Beautiful, depraved

Intimacy. Debauchery. Irreverence.

Saturday, December 13, 2008


I remember a friend whose Dad's passed away when she was in her early twenties. She'd done a lot of work around grief and she'd told me about Elizabeth Kubler Ross, and her ideas on the stages of grieving. Anger was one of them.

I felt angry the past couple of days. Fuck you kind of angry. I wanted the rest of my stuff back and was determined to get it. I didn't want to see him even - I was going to suggest he leave it on his porch. He was becoming an asshole in my head. I was thinking of some of the things he said to me in the last, painful moments of our demise and I felt wrongly accused and unseen.

From what I know about anger, it can be productive in that it can let us know when a boundary has been stepped over. It can be motivating - when I played soccer and I'd be tripped or body-checked, that would be the incentive I'd need to score a goal. When used in a healthy way, it can be fuel.

Or it can create false justification. It can be toxic. I could feel myself slipping into that place and that was the cue I needed to step out of it again. My anger shifted into action. And empowerment. And with that, back came my sex drive. Suddenly, in the knowing that I was going over there to pick up my stuff, I was imagining his cock, how wet my pussy would be the moment I saw him. I could feel his thighs with my hands and my mouth. Feel him on top of me. It was huge and overwhelming.

*sigh* I'm side-stepping that. I'm glad to see my sex drive is connected to this feeling of pushing forward, movement and growth. I'll be directing it elsewhere.

I went back to check out the other stages of grieving. According to Kubler Ross, they can happen in any order, and people don't necessarily experience all of them:

Denial: feeling in shock, unconscious refusal to accept the facts
Anger: why is this happening to me? Another shroud to deflect pain.
Bargaining: I promise I'll be a better person if...
Depression: withdrawal from life. I don't care anymore.
Acceptance: I can't fight it, I might as well prepare for it.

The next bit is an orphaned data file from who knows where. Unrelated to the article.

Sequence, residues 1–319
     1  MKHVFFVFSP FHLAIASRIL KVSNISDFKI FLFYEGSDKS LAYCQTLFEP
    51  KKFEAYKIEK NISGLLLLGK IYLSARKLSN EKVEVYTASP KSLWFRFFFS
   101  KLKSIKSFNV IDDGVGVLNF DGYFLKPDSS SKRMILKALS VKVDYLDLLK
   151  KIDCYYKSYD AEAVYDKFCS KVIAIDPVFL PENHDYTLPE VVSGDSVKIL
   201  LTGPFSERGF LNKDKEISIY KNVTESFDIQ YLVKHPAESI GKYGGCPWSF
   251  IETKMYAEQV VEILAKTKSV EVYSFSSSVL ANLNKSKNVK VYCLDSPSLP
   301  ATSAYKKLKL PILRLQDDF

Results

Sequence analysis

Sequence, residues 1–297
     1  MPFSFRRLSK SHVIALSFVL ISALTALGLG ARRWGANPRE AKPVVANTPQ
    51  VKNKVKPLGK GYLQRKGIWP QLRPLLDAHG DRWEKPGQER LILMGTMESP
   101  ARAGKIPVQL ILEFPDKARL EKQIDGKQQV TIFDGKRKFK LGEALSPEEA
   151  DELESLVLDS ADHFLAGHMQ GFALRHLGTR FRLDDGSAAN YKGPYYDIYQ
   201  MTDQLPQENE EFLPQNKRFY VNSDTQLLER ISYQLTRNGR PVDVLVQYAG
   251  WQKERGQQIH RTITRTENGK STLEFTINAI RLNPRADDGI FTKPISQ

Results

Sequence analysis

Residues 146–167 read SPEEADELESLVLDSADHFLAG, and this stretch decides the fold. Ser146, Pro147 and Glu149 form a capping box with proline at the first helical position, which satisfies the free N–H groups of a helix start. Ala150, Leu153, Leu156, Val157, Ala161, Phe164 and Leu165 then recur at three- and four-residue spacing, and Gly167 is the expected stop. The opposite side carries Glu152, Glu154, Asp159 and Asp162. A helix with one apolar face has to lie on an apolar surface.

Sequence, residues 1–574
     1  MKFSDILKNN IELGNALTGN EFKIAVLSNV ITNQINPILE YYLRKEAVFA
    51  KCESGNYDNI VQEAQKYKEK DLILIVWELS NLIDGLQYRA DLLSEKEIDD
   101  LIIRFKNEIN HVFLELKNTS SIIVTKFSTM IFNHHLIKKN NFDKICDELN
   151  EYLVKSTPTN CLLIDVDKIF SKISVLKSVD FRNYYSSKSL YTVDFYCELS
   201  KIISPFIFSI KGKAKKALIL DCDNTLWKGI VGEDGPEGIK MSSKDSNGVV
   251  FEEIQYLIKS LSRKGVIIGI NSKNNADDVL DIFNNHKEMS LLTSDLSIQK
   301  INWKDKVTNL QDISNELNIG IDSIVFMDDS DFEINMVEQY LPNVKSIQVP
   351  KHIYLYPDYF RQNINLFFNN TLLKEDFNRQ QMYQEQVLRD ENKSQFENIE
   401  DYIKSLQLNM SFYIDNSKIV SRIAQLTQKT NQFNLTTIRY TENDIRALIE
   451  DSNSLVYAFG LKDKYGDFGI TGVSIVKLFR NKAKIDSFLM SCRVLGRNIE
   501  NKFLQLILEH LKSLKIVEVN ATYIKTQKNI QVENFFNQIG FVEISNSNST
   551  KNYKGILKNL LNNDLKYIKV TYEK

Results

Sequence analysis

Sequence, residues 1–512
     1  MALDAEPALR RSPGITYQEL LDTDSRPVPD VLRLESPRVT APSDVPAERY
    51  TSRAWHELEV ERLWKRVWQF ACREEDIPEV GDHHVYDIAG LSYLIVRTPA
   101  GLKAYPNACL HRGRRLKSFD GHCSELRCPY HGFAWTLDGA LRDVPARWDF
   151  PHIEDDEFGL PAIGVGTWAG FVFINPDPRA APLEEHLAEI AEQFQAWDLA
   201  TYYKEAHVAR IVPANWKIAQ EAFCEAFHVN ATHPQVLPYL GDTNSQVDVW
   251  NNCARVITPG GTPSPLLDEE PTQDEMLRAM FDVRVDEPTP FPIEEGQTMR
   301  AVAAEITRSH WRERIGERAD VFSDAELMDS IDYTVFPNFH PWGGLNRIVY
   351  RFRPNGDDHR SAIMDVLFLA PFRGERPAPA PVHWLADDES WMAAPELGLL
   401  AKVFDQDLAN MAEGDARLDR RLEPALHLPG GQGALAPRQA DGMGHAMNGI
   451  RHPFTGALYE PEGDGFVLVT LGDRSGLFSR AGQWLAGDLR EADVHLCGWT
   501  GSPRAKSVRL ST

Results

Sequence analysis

I haven't studied her work enough to know where sobbing uncontrollably fits into that. Maybe it's in acceptance. All the other stages feel like delaying the inevitable. Really crying it out seems to me the most truthful acknowledgment of what's happening.

(I'm summarizing from my experience and a few sources: this, this and this)

I also found this from Dr. Roberta Temes in the book, "Living With An Empty Chair - a guide through grief." Three types of behaviour seen in the grief-stricken:

Numbness (mechanical functioning and social insulation)
Disorganization (intensely painful feelings of loss)
Reorganization (re-entry into a more 'normal' social life.)

She speaks to the pain as a form of dismantling - pulling everything apart so that it can be put back together again. I think I'm actually pulling together well. I'm productive, energized, and still somewhat heavy. I have some restless anxiety that I think is more about me needing to channel myself elsewhere. What I'm missing right now are social outlets. So much of my time was spent with him, so much of my inner life I shared with him that I'm feeling like a tap that's been stopped up and needs to be released. The pressure is building up. Creating social situations has typically not been my forte. I'm not much of a small talker, but sometimes I surprise myself and I can jump right in and really enjoy myself. Or, I just direct the conversation toward sex and suddenly I have a lot to say.